Drag of the sea surface
- Cite this article as:
- Makin, V.K., Kudryavtsev, V.N. & Mastenbroek, C. Boundary-Layer Meteorol (1995) 73: 159. doi:10.1007/BF00708935
It is shown how the drag of the sea surface can be computed from the wind speed and the sea state. The approach, applicable both for fully developed and for developing seas, is based on conservation of momentum in the boundary layer above the sea, which allows one to relate the drag to the properties of the momentum exchange between the sea waves and the atmosphere.
The total stress is split into two parts: a turbulent part and a wave-induced part. The former is parameterized in terms of mixing-length theory. The latter is calculated by integration of the wave-induced stress over all wave numbers. Usually, the effective roughness is given in terms of the empirical Charnock relation. Here, it is shown how this relation can be derived from the dynamical balance between turbulent and wave-induced stress. To this end, the non-slip boundary conditions is assigned to the wave surface, and the local roughness parameter is determined by the scale of the molecular sublayer.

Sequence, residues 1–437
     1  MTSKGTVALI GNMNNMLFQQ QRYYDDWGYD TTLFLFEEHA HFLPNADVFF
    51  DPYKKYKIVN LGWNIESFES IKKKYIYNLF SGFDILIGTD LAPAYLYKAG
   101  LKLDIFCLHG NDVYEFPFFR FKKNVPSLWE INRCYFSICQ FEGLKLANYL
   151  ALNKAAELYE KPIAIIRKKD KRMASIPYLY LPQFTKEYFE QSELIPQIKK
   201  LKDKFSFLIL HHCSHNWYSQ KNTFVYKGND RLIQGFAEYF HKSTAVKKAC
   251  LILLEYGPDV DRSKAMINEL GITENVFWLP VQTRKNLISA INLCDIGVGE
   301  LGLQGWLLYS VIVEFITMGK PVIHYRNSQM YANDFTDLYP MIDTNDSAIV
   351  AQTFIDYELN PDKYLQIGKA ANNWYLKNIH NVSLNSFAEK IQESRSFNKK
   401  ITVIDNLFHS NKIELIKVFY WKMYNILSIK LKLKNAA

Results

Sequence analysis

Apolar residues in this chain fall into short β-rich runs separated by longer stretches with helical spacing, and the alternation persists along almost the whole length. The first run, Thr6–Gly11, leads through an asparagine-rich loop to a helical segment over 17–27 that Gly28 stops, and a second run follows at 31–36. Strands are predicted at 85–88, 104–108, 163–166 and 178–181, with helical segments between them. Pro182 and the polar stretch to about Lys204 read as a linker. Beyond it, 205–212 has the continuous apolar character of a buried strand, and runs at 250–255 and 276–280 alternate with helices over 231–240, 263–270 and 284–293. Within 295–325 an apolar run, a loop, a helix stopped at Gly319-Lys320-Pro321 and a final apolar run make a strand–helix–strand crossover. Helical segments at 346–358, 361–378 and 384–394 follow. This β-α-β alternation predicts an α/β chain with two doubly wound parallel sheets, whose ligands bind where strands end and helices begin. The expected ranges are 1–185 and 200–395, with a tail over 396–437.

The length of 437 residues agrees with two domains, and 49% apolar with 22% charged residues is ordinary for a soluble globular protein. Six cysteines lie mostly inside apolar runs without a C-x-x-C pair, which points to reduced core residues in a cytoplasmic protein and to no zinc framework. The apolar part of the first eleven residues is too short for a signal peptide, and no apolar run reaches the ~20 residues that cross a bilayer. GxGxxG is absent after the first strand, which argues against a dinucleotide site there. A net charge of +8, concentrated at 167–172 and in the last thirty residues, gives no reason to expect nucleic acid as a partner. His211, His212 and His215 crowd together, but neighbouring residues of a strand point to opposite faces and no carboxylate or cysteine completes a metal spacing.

The formation of the sea drag is then described for fully developed and developing seas and for light to high winds.
For the Charnock constant, a value of about 0.018–0.030 is obtained, depending on the wind input, which is well within the range of experimental data.
It is shown that gravity-capillary waves with a wavelength less than 5 cm play a minor role in the momentum transfer from wind to waves. Most of the momentum is transferred to decimeter and meter waves, so that the drag of developing seas depends crucially on the form of the wave spectrum in the corresponding high wavenumber range.
The dependence of the drag on wave age depends sensitively on the dependence of this high wavenumbertail on wave age. If the tail is wave-age independent, the sea drag appears to be virtually independent of wave age. If the tail depends on wave age, the drag also does. There is contradictory evidence as to the actual dependence. Therefore, additional experiments are needed.
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